There were two main aspects. First of all, the auditing path gave me the best possible start to my career. Auditing provides a method and rigor of working that can be used in all other areas. Then secondly, the exchange I had the chance to do in Hong Kong allowed me to have a taste of living abroad. I am convinced that experience is why I’m here today.
How long have you been an expatriate?
I moved to Singapore four and half years ago!
Why did you decide to move to Singapore?
Ever since I left for Hong Kong, I’d always wanted to go to Asia. After three years of doing auditing at EY, and two years of internal auditing at General Electric, I travelled around the world with my wife. When I got home, it was hard to look for work during the summer and I wanted to leave. I called a friend who lived in Singapore and he suggested that I come and look for work on the spot. I did not know Singapore at all, and hadn’t gone there during my world tour, so off I went!
In the end it took me six months to find a job from here. The system had been strengthened in terms of expatriate quotas the year I arrived. I was recruited through a recruitment firm, which gave let me go to work for RedMart.
What has been great about my personal experience is that I came to Singapore to work in Asia and in a dynamic atmosphere. I didn’t think of doing any extreme experimenting, meaning having a start-up. This experience has been a great revelation for me as I had only worked for large groups up till now. I love the start-up atmosphere; it's very dynamic and I should have done it here in the first place!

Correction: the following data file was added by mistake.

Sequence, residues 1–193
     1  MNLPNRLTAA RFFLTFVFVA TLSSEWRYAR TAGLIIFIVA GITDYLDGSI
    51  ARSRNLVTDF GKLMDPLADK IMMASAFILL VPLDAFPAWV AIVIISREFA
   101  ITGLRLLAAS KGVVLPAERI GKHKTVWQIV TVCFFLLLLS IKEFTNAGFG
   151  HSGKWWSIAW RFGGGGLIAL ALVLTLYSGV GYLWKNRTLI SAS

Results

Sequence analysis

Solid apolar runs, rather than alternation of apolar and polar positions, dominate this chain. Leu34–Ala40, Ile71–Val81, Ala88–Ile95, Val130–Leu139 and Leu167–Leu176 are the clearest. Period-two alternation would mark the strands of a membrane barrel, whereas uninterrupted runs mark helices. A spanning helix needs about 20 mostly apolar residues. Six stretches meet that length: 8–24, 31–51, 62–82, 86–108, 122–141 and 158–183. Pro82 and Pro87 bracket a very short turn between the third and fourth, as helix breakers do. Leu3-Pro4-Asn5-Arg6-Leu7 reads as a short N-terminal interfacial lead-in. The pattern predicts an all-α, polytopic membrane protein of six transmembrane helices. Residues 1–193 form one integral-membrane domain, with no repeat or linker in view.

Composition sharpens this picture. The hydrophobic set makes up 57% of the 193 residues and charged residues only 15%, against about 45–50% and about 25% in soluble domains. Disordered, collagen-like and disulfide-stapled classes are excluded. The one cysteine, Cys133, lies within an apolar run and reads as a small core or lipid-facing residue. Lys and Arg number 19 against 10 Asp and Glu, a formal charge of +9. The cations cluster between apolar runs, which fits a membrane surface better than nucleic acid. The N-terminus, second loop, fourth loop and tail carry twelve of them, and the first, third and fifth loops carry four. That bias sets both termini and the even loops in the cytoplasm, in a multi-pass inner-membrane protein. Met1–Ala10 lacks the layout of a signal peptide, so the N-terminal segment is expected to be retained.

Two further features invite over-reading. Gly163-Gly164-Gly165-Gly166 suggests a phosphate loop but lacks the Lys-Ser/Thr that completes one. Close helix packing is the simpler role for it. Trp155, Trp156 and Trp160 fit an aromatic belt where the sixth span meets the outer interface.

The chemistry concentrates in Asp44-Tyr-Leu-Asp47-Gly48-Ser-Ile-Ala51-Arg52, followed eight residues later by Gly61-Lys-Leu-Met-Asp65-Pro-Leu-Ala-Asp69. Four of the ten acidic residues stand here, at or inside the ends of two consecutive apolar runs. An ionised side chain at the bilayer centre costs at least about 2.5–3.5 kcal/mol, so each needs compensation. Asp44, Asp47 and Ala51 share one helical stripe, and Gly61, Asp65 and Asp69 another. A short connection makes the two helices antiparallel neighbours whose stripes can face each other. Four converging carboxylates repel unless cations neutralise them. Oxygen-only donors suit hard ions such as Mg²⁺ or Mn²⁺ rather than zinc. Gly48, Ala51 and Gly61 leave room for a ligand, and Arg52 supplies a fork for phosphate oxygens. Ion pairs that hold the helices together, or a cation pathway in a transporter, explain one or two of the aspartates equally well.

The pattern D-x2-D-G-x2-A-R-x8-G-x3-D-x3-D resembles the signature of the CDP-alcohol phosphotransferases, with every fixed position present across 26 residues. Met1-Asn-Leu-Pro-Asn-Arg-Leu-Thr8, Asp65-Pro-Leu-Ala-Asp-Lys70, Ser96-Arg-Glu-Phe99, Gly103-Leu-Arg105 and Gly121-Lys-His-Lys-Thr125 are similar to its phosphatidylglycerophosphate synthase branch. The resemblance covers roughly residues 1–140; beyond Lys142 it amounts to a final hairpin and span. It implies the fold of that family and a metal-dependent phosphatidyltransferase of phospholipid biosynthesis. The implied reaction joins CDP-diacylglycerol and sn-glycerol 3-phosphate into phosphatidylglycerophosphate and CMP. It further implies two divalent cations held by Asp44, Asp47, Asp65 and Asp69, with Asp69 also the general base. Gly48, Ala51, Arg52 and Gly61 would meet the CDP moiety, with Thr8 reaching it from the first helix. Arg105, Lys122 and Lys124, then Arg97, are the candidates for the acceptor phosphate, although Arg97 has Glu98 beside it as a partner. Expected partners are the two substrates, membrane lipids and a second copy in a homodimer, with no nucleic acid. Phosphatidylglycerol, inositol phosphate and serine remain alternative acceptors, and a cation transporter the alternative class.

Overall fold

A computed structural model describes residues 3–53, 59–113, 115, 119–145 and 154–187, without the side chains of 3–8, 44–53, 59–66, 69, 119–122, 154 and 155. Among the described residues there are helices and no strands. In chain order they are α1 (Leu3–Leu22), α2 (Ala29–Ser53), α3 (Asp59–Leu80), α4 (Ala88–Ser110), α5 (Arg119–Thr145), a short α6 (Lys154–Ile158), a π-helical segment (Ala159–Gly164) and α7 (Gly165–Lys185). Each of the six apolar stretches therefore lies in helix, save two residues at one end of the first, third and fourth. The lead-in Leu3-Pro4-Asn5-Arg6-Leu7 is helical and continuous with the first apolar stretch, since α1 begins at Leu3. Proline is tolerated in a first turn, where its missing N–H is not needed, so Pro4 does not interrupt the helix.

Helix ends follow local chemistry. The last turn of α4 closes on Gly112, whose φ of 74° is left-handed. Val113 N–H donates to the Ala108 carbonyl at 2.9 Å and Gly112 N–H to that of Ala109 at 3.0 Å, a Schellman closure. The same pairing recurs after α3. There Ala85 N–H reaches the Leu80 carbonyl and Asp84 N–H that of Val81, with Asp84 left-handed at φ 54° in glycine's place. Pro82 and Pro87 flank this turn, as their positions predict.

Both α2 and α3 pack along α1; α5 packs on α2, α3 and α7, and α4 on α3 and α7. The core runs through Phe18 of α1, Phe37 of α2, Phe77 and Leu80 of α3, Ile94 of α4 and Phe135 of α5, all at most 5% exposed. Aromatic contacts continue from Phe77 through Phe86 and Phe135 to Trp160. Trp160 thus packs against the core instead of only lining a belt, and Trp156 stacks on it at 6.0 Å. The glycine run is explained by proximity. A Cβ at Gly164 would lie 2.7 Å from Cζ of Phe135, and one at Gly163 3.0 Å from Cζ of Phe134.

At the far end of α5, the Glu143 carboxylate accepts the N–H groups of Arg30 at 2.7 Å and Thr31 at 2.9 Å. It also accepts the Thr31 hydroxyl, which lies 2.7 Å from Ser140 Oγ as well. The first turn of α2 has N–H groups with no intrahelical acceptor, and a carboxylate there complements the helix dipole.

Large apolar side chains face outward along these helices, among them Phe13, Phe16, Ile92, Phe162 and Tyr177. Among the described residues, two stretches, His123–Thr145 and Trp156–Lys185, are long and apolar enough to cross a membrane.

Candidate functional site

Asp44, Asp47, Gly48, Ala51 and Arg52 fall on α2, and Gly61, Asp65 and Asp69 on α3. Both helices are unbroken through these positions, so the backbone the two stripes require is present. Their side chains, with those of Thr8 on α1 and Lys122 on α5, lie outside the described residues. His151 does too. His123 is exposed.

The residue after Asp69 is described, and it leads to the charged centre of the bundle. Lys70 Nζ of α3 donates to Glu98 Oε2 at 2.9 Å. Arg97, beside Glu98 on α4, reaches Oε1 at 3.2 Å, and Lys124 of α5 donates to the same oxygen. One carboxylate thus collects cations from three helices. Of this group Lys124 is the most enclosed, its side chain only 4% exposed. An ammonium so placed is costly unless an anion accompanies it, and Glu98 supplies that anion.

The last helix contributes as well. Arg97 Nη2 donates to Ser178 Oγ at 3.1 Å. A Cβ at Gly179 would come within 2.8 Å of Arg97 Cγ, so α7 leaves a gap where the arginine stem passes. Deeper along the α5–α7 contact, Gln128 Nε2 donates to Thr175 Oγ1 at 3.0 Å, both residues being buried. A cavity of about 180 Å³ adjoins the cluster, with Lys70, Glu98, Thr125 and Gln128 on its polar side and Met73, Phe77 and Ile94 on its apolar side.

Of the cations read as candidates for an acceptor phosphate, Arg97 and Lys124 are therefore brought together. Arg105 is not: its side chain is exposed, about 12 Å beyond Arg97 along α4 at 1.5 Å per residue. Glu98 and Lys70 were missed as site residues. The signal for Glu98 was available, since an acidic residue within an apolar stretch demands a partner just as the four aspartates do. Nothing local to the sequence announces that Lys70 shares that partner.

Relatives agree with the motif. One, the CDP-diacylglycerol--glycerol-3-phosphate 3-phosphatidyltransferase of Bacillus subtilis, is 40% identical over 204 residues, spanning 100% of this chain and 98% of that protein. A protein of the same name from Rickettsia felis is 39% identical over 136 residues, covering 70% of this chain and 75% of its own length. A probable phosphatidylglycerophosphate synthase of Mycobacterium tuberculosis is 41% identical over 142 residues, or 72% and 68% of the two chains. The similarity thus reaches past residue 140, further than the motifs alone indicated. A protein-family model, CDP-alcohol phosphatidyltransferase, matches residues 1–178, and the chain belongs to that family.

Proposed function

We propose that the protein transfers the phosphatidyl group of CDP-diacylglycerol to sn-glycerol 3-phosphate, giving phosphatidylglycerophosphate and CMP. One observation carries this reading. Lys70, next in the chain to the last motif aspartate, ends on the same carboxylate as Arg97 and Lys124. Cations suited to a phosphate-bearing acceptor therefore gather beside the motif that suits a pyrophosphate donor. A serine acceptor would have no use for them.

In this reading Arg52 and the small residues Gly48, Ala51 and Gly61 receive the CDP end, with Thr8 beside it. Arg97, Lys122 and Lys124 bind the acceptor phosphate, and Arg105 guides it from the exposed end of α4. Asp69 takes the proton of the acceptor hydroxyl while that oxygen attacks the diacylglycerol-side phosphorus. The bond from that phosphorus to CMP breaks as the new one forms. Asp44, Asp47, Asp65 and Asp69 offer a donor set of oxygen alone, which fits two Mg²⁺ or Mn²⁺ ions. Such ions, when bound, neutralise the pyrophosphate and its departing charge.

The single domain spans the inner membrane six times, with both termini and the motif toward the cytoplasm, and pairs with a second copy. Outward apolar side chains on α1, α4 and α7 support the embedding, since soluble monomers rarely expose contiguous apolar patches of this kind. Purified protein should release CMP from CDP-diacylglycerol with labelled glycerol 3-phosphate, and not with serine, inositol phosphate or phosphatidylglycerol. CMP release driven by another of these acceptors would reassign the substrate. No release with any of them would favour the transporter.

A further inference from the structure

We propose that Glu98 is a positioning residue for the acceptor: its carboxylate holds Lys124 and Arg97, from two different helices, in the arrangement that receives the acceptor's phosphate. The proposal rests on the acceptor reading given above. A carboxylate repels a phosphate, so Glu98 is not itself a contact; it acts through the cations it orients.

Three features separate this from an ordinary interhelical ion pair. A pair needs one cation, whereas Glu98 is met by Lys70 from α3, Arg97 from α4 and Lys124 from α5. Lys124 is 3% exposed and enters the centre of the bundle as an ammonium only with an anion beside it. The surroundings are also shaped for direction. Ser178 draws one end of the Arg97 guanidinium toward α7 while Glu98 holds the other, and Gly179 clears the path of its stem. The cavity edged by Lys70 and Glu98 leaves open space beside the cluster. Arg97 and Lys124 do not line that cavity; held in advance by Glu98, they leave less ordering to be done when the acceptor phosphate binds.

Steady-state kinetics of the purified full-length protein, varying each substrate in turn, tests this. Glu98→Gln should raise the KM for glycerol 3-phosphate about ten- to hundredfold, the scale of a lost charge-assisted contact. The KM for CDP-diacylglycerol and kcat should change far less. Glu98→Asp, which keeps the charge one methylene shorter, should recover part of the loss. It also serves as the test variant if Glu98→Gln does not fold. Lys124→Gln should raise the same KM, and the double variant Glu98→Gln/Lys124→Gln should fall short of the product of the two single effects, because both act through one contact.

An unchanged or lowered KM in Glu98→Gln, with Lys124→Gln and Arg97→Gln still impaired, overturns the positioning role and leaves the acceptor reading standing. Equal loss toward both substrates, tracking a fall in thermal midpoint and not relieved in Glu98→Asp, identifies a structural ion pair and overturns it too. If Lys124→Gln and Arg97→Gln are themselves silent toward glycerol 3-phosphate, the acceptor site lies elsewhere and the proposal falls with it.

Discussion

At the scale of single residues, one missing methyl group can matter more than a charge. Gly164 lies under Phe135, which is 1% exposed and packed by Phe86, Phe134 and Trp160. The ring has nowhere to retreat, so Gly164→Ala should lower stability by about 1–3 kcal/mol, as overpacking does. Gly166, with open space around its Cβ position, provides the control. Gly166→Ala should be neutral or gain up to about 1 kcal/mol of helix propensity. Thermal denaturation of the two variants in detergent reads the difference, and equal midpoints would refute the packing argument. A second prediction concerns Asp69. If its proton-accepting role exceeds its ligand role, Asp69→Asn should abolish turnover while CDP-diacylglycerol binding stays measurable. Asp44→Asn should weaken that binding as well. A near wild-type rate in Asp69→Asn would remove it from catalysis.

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Professionally, what cultural differences do you see between France and Singapore?
I’ll summarise my answer with a metaphor. I usually have a lot of meetings. At each meeting, I like to count the number of different nationalities around the table. Here, in a group of 15 people, there could be 10 different nationalities. That's a real difference compared to what I would find in France. When you have people from North America, China, Australia, or even Europe, we say that our point of view is different than that of others. When we talk to others, and we want to share our ideas, it as if we are in the minority and we try to put ourselves in the shoes of others. We must to be tolerant and to question ourselves. Being able to work in an international environment is a real strong point of being in Singapore. In Lazada, for example, there are more than 60 nationalities.